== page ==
By Julie Murphree, Arizona Farm Bureau: You may recall yesterday’s blog article about all the amazing crops Arizona agriculture can grow in one acre. While we profiled a few crops we didn’t talk about our wonderful veggies we grow here in Arizona. When it comes to winter vegetables no one does it better than Yuma, Arizona! Even “Veggie Man” thinks so!
First up, Cauliflower and Broccoli. These two vegetables are easier to describe in number of crowns or heads.
Cauliflower: 12,000 to 22,000 heads per acre, depending on the time of year, variety and intended use.
Broccoli: 40,000 to 50,000 crowns per acre again, depending on a number of factors.
Lettuce is a little different
Head Lettuce: 27,000 - 35,000 heads-per-acre or approximately 40,000 pounds per acre on average.
Romaine: 20,000 - 40,000 pounds-per-acre depending on if you are after hearts (top and tail), hearts (topped only), whole hearts, or whole romaine.
Leaf Lettuce: Give or take 20,000 to 30,000 pounds-per-acre depending on format of planting and intended use. That's roughly 56,000 plants per acre and that is enough product to put one leaf of leaf lettuce on 2.8 million chicken sandwiches, hamburgers or deli sandwiches, from just one acre!
Spinach and spring mix: 15,000 to 25,000 pound-per-acre again depending on planting format and intended use. Obviously baby spinach takes nearly the same inputs but is a much lower yield due to harvesting young.
Says John Boelts of Desert Premium Farms in Yuma, “We produce a bounty so well because of the following factors:”
1. Weather - Yuma, AZ fabulous weather
2. Land - good soils being well managed by farmers
3. Water and infrastructure to deliver it to our fields - nothing grows and lives without water, even people
4. Skilled hands - people make it all happen. From developing the newest varieties to planting, growing, harvesting and shipping, it all takes people to make sure it arrives fresh and healthy at your local supermarket or eatery.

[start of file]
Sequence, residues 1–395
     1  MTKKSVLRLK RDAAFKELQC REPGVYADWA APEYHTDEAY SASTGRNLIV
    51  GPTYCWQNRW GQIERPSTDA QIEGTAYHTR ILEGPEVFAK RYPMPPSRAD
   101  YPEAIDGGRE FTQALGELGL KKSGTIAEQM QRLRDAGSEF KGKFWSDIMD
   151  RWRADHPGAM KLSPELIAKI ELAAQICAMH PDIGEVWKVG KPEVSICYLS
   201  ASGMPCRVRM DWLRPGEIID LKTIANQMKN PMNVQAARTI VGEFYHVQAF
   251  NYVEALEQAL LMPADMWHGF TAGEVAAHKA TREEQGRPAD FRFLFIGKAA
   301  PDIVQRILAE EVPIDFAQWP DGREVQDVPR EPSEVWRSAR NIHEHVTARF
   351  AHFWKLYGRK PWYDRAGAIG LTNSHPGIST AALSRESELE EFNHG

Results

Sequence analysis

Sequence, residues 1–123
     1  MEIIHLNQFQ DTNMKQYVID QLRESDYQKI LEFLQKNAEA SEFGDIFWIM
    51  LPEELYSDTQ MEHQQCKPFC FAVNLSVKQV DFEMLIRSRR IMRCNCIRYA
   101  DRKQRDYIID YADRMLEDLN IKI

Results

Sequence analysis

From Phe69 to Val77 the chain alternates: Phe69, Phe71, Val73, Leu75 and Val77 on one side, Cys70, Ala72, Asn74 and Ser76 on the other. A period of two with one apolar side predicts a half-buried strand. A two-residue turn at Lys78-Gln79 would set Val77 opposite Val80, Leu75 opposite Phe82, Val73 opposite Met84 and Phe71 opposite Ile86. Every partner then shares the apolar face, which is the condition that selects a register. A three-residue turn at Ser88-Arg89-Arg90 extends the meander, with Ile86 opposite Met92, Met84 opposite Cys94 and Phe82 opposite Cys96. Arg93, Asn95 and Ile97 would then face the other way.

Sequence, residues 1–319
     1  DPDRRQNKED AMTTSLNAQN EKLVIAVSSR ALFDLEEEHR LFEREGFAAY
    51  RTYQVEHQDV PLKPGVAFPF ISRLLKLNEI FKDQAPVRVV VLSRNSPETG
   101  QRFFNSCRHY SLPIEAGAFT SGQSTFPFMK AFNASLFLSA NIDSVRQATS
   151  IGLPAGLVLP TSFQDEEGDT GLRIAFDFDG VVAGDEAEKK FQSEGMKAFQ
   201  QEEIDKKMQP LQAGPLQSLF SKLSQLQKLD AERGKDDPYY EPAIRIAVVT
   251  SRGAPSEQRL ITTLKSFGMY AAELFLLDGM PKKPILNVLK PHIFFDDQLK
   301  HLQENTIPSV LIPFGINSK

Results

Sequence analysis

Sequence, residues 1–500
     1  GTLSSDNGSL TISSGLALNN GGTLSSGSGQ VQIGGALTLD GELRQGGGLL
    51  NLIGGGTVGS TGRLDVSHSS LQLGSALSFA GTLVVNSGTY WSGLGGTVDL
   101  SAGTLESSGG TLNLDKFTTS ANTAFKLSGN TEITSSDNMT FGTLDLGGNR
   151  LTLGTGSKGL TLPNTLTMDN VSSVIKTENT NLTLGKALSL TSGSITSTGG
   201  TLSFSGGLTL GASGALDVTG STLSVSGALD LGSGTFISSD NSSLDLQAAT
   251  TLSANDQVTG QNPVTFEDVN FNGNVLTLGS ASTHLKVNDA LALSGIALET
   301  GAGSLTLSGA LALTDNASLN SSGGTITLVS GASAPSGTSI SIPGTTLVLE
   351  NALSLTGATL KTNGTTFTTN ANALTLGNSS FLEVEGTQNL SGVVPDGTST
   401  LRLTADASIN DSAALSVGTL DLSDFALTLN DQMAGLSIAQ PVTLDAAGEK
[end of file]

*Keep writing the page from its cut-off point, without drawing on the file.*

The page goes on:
5. Pesticides - whether it's an organic or conventional product that we produce, we cannot grow either without the use of pesticides. A lot of different insects and diseases have other plans for your dinner than you eating it. So we protect the plants with pesticides.
6. Farm Bureau's efforts on behalf of economic freedom & Industry support - because communism starves people.
Through a United States Department of Agriculture (USDA) Specialty Crop grant, Arizona Farm Bureau recently completed production on a series of educational videos highlighting Arizona's current top 10 specialty crops, those crops that are fruits and vegetables, tree nuts, dried fruits, horticulture, and nursery crops.
“The more we can educate and tell the public about Arizona agriculture's story the better," said Arizona Farm Bureau President Kevin Rogers. "These videos are designed to educate our young people about the wide variety of crops our state grows."
Representing more than $1.7 billion in Arizona agriculture specialty crops, the Arizona Farm Bureau videos will feature broccoli, spinach, head lettuce, romaine lettuce, leaf lettuce, watermelon, pecans, cauliflower, cantaloupe and cabbage. These 10 crops were selected as they are currently the top 10 in cash receipts though these top 10 vary, for example the previous year lemons were in the ranking.
The first video completed and on YouTube is "The Adventures of Veggie Man: Field to Fork with Broccoli." The additional videos will be released in subsequent months.
"Many of our Arizona families don't know the variety and extent of Arizona's healthy fruits and vegetables and what's available to them in grocery stores and farmers' markets," says Julie Murphree, marketing director and program coordinator for this video series. "In collaboration with Arizona fruit and vegetable farmers, we felt the best way to tell Arizona agriculture's vegetable and fruit story was to educate and inform through a video featuring our state's top specialty crops. We want to help kids and Arizona families eat more fruits and vegetables."
Arizona Farm Bureau plans to distribute the videos through Arizona Farm Bureau's Ag in the Classroom program, YouTube, Fill Your Plate and through its social media channels. Plus, some of our schools have asked to air the videos during mealtime in the cafeterias.